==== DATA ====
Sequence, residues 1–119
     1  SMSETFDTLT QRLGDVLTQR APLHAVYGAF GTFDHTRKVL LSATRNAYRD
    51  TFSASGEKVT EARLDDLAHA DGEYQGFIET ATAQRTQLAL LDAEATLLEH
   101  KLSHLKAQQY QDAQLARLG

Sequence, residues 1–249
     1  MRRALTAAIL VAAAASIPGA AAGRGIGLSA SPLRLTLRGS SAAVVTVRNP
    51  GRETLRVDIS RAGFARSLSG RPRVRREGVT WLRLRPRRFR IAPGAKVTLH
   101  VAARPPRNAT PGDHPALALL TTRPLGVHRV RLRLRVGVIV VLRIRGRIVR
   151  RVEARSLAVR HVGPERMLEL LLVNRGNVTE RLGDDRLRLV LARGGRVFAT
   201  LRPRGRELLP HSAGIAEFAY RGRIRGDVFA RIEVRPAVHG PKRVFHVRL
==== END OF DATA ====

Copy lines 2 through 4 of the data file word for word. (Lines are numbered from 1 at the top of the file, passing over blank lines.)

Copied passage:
     1  SMSETFDTLT QRLGDVLTQR APLHAVYGAF GTFDHTRKVL LSATRNAYRD
    51  TFSASGEKVT EARLDDLAHA DGEYQGFIET ATAQRTQLAL LDAEATLLEH
   101  KLSHLKAQQY QDAQLARLG